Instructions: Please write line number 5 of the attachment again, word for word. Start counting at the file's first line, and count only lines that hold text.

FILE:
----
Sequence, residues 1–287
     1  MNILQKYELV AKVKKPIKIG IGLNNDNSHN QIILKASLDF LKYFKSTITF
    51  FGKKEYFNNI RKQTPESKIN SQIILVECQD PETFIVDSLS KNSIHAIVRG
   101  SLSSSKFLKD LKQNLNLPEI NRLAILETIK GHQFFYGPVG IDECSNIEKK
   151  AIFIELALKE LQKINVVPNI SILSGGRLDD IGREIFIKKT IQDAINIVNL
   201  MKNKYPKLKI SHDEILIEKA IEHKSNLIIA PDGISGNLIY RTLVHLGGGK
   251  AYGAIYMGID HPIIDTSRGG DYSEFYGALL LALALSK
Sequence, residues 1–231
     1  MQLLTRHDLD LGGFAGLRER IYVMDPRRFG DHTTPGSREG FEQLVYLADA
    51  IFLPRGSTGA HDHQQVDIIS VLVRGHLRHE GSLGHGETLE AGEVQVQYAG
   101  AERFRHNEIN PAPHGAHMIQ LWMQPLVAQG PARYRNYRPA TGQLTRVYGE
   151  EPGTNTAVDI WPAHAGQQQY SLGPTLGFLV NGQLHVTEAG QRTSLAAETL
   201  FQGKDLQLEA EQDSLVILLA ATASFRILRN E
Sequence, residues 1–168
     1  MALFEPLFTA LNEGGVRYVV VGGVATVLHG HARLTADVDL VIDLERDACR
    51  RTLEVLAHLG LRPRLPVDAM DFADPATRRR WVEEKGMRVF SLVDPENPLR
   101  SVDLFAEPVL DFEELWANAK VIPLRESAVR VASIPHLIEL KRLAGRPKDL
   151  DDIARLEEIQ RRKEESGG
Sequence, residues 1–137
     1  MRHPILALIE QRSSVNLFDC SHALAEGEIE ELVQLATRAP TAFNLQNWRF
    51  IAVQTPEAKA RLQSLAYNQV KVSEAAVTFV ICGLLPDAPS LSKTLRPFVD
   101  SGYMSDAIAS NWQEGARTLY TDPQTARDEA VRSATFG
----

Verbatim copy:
   151  AIFIELALKE LQKINVVPNI SILSGGRLDD IGREIFIKKT IQDAINIVNL